Imagine you’ve been handed a huge cheque with an eye-watering sum on it. Regardless of where it’s from (inheritance, property sale, even a lottery win…), you can do whatever you want with it. Spending it would be the easy option; however, the less glamorous but more rewarding route is to invest it. Whilst you might put some aside so you can fly along the French Riviera on a jet ski, a sensible investment plan is probably (and annoyingly) a better option for most people in the long run.
Where do you start?
With its acronyms and jargon, investing can be daunting. So, it’s important to go back to basics and first decide how much of the windfall could solve immediate financial concerns (debts, mortgages etc) and what amount could be used in a long-term investment plan. You then need to be clear about what you’re investing for. Do you want to grow your wealth for retirement? Or perhaps launch a business venture you’ve always dreamed of?
Take a long-term view
Whatever your goal, note there is no such thing as a ‘get rich quick’ investment. Investing is a game of patience and sticking with (sometimes) dull but reliable assets, as pursuing higher gains usually means a higher risk of losses. Take some time and decide how much you could afford to lose to help identify the right investment to suit you. This is where having an investment professional to talk through the correct risk threshold and investment strategy for you, is so important.
Now, if there is one piece of investment jargon you should understand, it’s ‘investment cycle’. Essentially, markets rise and fall, repeatedly and in a cyclical fashion (what goes up must come down). Many things influence the short term direction of markets but, despite events such as the COVID-19 pandemic which was completely unanticipated by markets, overall markets have been steadily trending upwards since the 2008 financial crisis.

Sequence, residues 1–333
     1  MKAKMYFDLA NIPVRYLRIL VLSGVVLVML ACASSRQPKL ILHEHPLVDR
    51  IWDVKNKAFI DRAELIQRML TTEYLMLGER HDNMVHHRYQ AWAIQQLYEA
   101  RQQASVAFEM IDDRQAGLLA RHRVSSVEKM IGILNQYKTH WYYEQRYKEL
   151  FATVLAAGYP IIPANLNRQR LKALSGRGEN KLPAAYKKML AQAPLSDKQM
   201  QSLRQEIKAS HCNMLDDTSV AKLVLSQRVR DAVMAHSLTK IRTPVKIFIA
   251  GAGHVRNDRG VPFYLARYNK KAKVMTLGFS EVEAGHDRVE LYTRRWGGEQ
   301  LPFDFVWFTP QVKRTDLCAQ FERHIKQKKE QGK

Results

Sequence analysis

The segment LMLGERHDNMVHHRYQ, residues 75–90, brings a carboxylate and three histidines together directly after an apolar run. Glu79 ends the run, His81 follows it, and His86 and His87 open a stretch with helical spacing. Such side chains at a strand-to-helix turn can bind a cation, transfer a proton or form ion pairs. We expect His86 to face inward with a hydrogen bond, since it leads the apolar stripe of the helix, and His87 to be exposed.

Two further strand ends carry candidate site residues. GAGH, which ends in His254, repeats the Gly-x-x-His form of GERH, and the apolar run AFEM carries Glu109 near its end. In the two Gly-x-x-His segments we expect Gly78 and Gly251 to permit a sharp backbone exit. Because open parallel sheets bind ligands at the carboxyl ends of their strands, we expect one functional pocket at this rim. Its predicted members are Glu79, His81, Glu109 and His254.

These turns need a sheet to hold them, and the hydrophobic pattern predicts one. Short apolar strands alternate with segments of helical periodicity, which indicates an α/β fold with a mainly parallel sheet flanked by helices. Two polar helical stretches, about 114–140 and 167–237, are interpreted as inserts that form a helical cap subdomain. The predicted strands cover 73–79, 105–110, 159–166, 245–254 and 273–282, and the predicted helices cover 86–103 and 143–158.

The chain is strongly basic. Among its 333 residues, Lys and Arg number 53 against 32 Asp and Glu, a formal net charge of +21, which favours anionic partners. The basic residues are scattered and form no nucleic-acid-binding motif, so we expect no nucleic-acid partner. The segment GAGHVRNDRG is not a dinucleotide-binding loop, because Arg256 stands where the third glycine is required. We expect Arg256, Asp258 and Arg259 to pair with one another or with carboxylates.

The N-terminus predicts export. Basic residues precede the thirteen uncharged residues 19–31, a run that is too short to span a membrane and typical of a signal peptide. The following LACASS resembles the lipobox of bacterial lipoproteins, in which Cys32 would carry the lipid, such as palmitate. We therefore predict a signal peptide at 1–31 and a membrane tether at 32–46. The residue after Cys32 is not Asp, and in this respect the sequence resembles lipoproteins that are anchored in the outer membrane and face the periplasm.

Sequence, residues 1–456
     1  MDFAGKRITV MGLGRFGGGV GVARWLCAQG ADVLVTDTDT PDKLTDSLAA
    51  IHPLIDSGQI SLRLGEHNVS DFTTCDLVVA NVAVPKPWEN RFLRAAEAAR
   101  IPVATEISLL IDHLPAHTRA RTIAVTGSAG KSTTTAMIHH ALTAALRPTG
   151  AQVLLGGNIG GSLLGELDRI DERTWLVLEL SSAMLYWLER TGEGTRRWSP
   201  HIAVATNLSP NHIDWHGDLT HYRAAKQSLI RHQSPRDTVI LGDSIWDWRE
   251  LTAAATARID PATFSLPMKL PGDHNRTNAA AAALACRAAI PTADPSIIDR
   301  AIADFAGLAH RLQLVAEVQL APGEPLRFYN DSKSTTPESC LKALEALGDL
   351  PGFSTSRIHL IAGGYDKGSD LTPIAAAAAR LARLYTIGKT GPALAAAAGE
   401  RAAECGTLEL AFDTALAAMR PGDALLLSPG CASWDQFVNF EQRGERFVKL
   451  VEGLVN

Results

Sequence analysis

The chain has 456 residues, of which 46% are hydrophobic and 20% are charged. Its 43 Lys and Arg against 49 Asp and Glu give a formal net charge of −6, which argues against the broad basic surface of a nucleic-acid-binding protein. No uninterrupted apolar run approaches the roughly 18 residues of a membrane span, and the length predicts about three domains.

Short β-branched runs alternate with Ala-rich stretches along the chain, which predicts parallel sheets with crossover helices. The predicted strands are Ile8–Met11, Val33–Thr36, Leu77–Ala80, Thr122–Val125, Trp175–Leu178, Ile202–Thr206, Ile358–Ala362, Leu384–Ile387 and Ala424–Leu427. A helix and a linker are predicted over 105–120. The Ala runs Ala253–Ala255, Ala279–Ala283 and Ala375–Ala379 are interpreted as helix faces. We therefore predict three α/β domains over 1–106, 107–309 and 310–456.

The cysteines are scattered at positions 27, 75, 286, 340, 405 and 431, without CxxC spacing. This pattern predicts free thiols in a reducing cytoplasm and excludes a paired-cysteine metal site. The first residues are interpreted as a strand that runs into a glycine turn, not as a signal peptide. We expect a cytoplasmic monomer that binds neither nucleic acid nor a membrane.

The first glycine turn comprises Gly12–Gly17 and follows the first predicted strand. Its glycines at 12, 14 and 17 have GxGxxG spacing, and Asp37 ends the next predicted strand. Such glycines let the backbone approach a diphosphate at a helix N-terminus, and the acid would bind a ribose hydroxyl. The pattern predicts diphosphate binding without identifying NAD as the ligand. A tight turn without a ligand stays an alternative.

Be prudent in your decisions
Trying to time the markets in order to invest your windfall is always going to be a risky business. In many ways, trying to invest a windfall could be like turning up to a lively party with bags of drinks unaware it might be ending within the hour. One more conservative approach is to opt for less risky assets, such as cash and government bonds, but these won’t offer the highest returns in the meantime.
Therefore, diversification and investing across a spectrum of assets classes is vital. Some are more resilient than others and may retain their value in a market fall. For instance, government bonds are likely to hold up unless the government issuing the debt goes into default (in which case, you have much bigger problems to contend with). This is one of the benefits of investing a windfall, as you have more capital to spread around. Some people may invest to gain exposure to high-quality compounding assets that will generate sustainable returns for the future. Again, for an individual to manage this process on their own is a huge ask, and where an investment professional can add value by ensuring that any investment strategy you pursue is fully diversified and protected against market risks.
Position yourself for the cycle
So, if you think the economy will enter a downturn, consider exposure to ‘defensive’ assets. Defensive assets, as opposed to cyclical assets, are less impacted by economic vulnerability. For example, investing in an energy provider is a defensive play as people will need to heat their homes whatever the economy is doing. At the same time, a retailer of jewellery could be described as a cyclical investment as people are more likely to buy such goods if the economy is doing well and they have money to spend. There are obvious upsides and downsides to each.
Nobody is psychic but using professional investor’s invaluable market experience will ensure you utilise your windfall in the most effective way to reach your financial goals.
If you’d like to know more about how London & Capital invests for its clients, get in touch with the team today.